Where Do Holidays Come From? // Megan MacKay

Where Do Holidays Come From? // Megan MacKay

– Every day I log onto Twitter it seems like there’s a new
national holiday trending. On Wednesday, it was
National Grilled Cheese Day, on Thursday we celebrated National Thomas Jefferson Day, yikes, and today, Friday, April 14th
we have the perfect storm. It’s National Dolphin Day,
National Ex-Spouse Day, National Pecan Day, and Pan-American Day, and National Reach as High as You Can Day. And if you don’t celebrate
those all at once, I’m sorry to say, you’re
probably a complete failure. And your dad is probably
very disappointed in you . Which brings me to my main question, what the (bleep) is going on? I get most of our big holidays, like Arbor Day, trees, got it. But can a bitch not just
have a boring Tuesday without being accosted for hashtags for National Hug a Plumber Day? Today on I Learned a Thing,
where do holidays come from? Historically speaking, some
of our favorite holidays happened because Christianity wanted more people to get down with Jesus. In the early days, Christianity
was a very urban thing, concentrated in more
densely populated areas. As soon as you got out of the city though, religion was extremely regional, varying widely across
different geographical areas. Some experts suggest that the church was fascinated by rural religious practices, and it wanted to incorporate
them into Christianity. Other sources are just a
little more pointed about it, suggesting that the church
was simply ambitious and wanted more control and power. Either way, this relationship between Christianity and Paganism
birthed modern Christmas. December was a really big
time for Pagan celebrations, including most famously
solstice celebrations and the Saturnalia. And so Christianity decided
to make Jesus’s birthday happen around that time too. Easter, which also happens
to be this weekend, was also formulated the exact same way. And that’s our standard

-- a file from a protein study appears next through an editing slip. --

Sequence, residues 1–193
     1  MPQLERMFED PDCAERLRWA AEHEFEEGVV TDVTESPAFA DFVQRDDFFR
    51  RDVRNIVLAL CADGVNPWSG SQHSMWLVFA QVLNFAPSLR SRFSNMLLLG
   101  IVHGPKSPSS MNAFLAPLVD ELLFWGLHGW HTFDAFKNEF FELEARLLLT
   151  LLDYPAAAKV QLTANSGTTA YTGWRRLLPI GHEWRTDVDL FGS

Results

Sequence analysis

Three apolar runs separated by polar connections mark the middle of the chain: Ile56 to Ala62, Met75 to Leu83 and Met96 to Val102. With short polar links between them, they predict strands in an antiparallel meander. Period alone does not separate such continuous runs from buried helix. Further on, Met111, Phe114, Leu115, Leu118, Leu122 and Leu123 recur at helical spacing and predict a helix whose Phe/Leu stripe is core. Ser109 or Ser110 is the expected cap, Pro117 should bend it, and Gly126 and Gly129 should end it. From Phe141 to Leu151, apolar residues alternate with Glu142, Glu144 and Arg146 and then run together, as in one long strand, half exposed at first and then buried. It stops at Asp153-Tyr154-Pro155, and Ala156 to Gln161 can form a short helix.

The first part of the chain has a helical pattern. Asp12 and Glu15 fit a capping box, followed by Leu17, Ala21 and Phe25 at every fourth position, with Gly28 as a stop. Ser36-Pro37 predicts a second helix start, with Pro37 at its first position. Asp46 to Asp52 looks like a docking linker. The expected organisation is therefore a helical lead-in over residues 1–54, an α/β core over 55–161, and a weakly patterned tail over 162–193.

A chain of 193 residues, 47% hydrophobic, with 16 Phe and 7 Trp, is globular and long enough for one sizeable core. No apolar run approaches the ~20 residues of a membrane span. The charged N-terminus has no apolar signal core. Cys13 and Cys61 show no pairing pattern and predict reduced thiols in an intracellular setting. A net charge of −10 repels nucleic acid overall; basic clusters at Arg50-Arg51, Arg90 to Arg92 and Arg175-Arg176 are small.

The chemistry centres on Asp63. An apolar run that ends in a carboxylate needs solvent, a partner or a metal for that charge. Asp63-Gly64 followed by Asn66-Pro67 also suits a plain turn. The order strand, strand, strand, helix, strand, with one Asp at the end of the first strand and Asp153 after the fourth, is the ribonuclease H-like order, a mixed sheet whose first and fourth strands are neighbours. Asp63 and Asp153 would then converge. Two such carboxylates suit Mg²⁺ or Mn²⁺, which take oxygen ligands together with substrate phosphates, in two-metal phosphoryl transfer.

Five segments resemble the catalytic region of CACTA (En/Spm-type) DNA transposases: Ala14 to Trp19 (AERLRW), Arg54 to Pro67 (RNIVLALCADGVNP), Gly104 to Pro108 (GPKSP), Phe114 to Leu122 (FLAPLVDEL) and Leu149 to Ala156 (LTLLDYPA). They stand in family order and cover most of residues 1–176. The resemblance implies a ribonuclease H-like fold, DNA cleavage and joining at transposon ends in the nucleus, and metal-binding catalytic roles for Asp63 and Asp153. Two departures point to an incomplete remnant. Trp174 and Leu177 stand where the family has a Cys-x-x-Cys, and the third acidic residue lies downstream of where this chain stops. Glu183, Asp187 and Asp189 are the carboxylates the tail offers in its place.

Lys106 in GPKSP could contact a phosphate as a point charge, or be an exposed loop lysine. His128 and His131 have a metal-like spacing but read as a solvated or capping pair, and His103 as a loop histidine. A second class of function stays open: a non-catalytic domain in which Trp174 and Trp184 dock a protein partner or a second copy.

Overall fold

formula for holiday creation. Take a major instance of
cultural appropriation, brine it in strict religion
for several centuries, and maybe get an Xbox out of it. And then you have these new holidays that nobody seemed to celebrate before the advent of social media. Like National Chicken Boy Day and National Accordion Awareness Month. If you’re like me, you probably
have the same first thought, capitalism did this. America’s corporations
have gone power mad, deciding that our calendars,
the very concept of time itself is theirs for the taking. And well yeah, you’d be right. Some of these holidays
were created by businesses with a very specific goal in mind. You may hear people
referring to these holidays as Hallmark holidays, for obvious reasons. Secretaries Day for example, was created by the National Secretaries
Association in 1952. In an effort to fill
major workplace shortages in the post-World War business boom. Some holidays began
totally altruistically, but morphed into capitalistic ventures. Mother’s Day was not
created to sell flowers. Anna Jarvis, the creator of Mother’s Day wanted to memorialize her own mother but then the holiday caught on. She spent most of her life
fighting corporate America and their efforts to turn the holiday into a flower and cards sales-stravaganza. But what business is backing
Accordion Awareness Month? Is big accordion out there
trying to convince John Mayer to try a new sound on his next album? This brings us to our last and most disappointing
holiday inception story, which is simply this, sometimes
people make weird (bleep) up Accordion Awareness Month was created by Italian accordionist
Tom Torriglia in 1989. When asked about the holiday, Torriglia simply explained, that quote, “It was established as simply
as me deciding it would exist” John Bryan Hopkins,
founder of foodimentary.com took it upon himself to make sure there was a food related holiday to celebrate every day of the year. With many of his picks getting picked up and legitimized by outside sources. For example, Hopkins created
National Onion Ring Day, now an official holiday supported by the National Onion Association. Sometimes Hopkins even changes
his designated holidays based on his own personal whims. Explaining, quote, “I might
wake up a little groggy “one morning and decided that I don’t like “what’s being celebrated that
day, so I make it a new one.” So there you have it, that hashtag holiday you’re
celebrating on Twitter is likely just one big, indulgence of one single man’s cravings and whims. When you celebrate these holidays, you’re actually allowing
randos like John Bryan Hopkins to puppeteer your life
for no damn reason at all. Onion ring anyone? That’s all for today’s video. If you liked it click subscribe. I make a new one every single week. You can also find a playlist
with more I Learned a Thing right here in the bottom left
hand corner of your screen, and as always today’s
random end card fact. The Mona Lisa has the
highest insurance value of any painting in history. In 1962 she was assessed
at 100 million US dollars. Which would be nearly 800
million US dollars today, or a billion US dollars
if she still had eyebrows.

7 thoughts on “Where Do Holidays Come From? // Megan MacKay

  1. Don't forget 'crazy' women making up holidays too. Mother's Day is stupid, remember it's YOU that made your mom a mother, demand gifts this year

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